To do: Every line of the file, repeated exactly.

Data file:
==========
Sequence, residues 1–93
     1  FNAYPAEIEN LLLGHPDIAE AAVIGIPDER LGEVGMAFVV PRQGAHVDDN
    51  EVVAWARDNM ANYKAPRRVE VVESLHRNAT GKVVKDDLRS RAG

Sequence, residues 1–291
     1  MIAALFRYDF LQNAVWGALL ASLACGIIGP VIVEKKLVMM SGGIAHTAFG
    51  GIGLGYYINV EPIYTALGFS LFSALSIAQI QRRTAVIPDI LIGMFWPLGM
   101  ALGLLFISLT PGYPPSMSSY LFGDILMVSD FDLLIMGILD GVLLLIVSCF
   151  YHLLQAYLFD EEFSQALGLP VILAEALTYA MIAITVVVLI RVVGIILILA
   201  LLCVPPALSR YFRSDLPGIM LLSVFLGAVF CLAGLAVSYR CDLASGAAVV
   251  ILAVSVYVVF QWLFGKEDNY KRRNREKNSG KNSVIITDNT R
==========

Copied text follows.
Sequence, residues 1–93
     1  FNAYPAEIEN LLLGHPDIAE AAVIGIPDER LGEVGMAFVV PRQGAHVDDN
    51  EVVAWARDNM ANYKAPRRVE VVESLHRNAT GKVVKDDLRS RAG

Sequence, residues 1–291
     1  MIAALFRYDF LQNAVWGALL ASLACGIIGP VIVEKKLVMM SGGIAHTAFG
    51  GIGLGYYINV EPIYTALGFS LFSALSIAQI QRRTAVIPDI LIGMFWPLGM
   101  ALGLLFISLT PGYPPSMSSY LFGDILMVSD FDLLIMGILD GVLLLIVSCF
   151  YHLLQAYLFD EEFSQALGLP VILAEALTYA MIAITVVVLI RVVGIILILA
   201  LLCVPPALSR YFRSDLPGIM LLSVFLGAVF CLAGLAVSYR CDLASGAAVV
   251  ILAVSVYVVF QWLFGKEDNY KRRNREKNSG KNSVIITDNT R